Kan is a powerful figure in the anti-nuclear debate and an embarrassment to the neo-liberal political class who seem to have been bought off by the big power companies, pursuing a “There is no alternative…” argument. Kan came to the UK in 2016, where he addressed the Welsh Senned, the local authority on Anglesey and met local campaigners from People Against Wylfa B including a farmer fighting to retain his land.

People Against Wylfa B inaugurated a twinning arrangement with the people of Fukushima during Nuclear Free August in 2015 and I sent a statement of support based on what I had learnt from the Green Cross trip.

I have been to Fukushima Prefecture, to within a few kilometres of the crippled reactor, where cosmetic decontamination exercises resulted in bags of topsoil lying around in plastic bin bags that are doomed to split and spew their contents in a couple of years. The people employed to do this painstaking work with hand-trowels were amongst the poorest and most desperate in Japan’s society, swept up from the places where unemployment is high with little choice of work options.

Further inland in Fukushima City itself, I met young mothers trying to amuse their children in well-meaning community centres where indoor play had become the norm since radioactive ‘hotspots’ in the local park meant that public spaces were out of bounds. I also visited a community centre in a trailer park where hundreds of nuclear refugees were living in temporary accommodation, often split up from family members. One woman told me that her husband was in hospital, suffering serious mental illness as a direct result of dislocation from his normal life and home environment. Another wept, wringing her hands, as she told how she felt the guilt and shame of the accident, as if it was her fault for living close by. Now she could no longer visit the graves of her ancestors buried in the village cemetery and she felt as if the threads that bound her and her grandchildren to their identity had been cut. There is nothing that will ever compensate for this deep traumatic loss.

Nuclear refugees in temporary accommodation in Fukushima City

Whilst some Fukushima refugees have been allowed to return home, some villages are still not on the list of decontaminated safe places and it is unlikely they will be deemed habitable for decades. Other refugees do not want to return fearing lingering radioactive contamination.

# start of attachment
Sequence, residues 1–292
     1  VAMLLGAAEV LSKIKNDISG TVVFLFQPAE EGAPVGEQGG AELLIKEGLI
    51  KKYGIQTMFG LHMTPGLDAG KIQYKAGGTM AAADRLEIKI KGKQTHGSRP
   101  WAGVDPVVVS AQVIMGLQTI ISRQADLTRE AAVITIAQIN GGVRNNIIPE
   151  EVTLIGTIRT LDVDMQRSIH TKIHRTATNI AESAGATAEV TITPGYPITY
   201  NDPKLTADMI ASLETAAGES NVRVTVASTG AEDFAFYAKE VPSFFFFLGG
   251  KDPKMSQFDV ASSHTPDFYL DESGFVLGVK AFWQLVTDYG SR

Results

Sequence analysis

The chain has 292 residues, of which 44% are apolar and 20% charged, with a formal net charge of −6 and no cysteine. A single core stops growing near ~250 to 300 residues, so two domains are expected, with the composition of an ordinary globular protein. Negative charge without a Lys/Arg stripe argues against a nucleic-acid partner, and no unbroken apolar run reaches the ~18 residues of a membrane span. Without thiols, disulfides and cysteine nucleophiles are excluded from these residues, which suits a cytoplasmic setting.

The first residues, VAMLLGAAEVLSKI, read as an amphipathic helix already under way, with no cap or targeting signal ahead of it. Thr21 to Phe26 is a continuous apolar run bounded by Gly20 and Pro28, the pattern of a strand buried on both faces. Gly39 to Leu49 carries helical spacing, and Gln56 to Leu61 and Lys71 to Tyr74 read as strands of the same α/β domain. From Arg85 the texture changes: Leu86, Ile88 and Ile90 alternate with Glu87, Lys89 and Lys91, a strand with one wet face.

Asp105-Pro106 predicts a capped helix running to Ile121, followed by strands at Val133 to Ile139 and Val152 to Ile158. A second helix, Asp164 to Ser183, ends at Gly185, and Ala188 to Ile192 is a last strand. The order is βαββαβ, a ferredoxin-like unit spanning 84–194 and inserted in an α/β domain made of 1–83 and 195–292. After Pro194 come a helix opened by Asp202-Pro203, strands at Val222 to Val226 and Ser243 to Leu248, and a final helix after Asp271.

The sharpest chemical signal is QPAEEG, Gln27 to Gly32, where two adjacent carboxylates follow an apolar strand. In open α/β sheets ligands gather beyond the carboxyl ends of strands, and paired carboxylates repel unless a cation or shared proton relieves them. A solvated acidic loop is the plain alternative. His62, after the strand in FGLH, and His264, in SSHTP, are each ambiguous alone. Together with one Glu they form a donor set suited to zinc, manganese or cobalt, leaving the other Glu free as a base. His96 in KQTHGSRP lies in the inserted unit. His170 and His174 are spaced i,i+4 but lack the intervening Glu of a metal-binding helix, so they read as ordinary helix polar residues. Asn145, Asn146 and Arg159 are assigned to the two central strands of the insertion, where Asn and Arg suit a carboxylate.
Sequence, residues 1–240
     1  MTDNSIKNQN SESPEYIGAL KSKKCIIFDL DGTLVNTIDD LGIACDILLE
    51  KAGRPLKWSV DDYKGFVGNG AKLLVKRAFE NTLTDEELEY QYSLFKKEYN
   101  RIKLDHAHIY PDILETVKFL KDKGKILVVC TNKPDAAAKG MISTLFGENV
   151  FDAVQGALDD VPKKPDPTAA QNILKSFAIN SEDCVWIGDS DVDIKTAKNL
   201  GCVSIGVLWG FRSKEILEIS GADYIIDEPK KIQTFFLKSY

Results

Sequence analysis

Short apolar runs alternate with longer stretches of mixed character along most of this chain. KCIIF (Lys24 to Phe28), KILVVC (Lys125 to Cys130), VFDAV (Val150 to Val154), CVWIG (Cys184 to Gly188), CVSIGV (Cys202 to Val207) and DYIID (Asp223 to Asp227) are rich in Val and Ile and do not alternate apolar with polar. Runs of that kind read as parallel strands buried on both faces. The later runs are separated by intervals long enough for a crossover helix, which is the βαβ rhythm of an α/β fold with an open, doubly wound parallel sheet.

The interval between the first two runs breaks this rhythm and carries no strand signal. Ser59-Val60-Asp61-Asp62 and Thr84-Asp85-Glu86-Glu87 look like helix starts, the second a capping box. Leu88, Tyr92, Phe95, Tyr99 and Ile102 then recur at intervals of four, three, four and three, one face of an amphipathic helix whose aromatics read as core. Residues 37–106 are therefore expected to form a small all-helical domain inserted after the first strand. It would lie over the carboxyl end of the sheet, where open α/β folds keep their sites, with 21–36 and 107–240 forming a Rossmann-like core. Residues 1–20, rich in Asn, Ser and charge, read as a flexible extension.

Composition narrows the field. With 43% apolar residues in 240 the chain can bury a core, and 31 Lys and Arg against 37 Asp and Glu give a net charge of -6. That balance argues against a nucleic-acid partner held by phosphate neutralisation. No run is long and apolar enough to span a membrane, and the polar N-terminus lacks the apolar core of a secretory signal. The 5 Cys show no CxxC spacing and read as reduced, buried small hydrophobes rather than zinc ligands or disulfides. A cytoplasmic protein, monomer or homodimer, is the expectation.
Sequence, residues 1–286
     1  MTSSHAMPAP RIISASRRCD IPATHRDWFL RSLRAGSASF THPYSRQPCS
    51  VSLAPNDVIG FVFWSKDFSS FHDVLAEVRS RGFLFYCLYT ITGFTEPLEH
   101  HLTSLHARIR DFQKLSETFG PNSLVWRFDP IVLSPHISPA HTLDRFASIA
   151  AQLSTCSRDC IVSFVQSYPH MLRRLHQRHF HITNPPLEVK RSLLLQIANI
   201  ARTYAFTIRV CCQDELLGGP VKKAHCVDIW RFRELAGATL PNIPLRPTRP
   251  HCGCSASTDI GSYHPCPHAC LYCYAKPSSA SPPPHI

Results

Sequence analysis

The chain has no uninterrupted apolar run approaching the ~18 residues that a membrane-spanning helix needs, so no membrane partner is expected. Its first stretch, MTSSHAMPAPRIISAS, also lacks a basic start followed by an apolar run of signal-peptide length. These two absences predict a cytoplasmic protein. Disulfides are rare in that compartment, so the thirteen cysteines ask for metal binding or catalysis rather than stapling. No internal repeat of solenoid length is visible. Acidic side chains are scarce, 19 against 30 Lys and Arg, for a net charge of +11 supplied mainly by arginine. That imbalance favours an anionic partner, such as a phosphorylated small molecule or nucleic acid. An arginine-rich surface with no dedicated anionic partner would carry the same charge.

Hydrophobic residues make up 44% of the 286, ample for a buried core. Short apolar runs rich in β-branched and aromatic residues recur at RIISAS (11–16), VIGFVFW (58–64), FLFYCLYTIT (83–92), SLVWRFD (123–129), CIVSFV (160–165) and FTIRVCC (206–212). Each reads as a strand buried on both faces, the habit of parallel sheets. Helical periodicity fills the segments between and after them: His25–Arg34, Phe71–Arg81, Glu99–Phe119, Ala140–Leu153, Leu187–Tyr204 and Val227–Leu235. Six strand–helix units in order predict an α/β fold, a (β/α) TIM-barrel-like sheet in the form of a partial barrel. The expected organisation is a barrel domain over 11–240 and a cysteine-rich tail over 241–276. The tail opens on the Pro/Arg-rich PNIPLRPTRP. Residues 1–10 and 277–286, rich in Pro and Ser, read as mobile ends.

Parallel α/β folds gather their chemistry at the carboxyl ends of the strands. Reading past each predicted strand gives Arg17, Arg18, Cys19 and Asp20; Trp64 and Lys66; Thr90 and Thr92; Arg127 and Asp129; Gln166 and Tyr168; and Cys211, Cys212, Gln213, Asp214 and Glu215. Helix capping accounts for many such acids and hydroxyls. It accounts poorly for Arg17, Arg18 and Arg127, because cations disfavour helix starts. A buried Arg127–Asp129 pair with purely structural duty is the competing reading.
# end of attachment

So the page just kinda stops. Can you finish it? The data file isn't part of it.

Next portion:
Chernobyl, the site of the world’s worst nuclear disaster in April 1986, is 130 km north of Kiev and still largely uninhabited more than three decades on. I visited Chernobyl in 2018 as part of a European Parliament delegation to view the new safety shield covering the damaged leaking reactor and to open a hospital for the victims of radiation including children born after the disaster. I was pregnant with my first child when the radioactive clouds swept westwards across Europe. I remember my mum calling me on the phone and telling me not to drink milk as it might be from cows eating grass in the rain-soaked fields of northern England. The global reach of radioactive particles means that regardless of where nuclear plants are situated we are all at risk of ingesting contaminated food or breathing toxic air.

The baby boy I gave birth to was a healthy child but others were not so lucky, and disabilities and birth defects still manifest in many children born in the locality. In an effort to give Chernobyl children a clean air holiday Linda Walker established a charity to raise money to bring young Belarusians to the UK to be hosted by families during the school holidays. In my local town of Crook in County Durham there is a charity shop dedicated to this cause.

Showing solidarity and compassion is just one of the ways ordinary people can demonstrate their support for the innocent victims of nuclear disasters. Meanwhile, we should continue to lobby politicians to ask questions about the real long-term costs of state subsidised nuclear power to both the public purse and human health.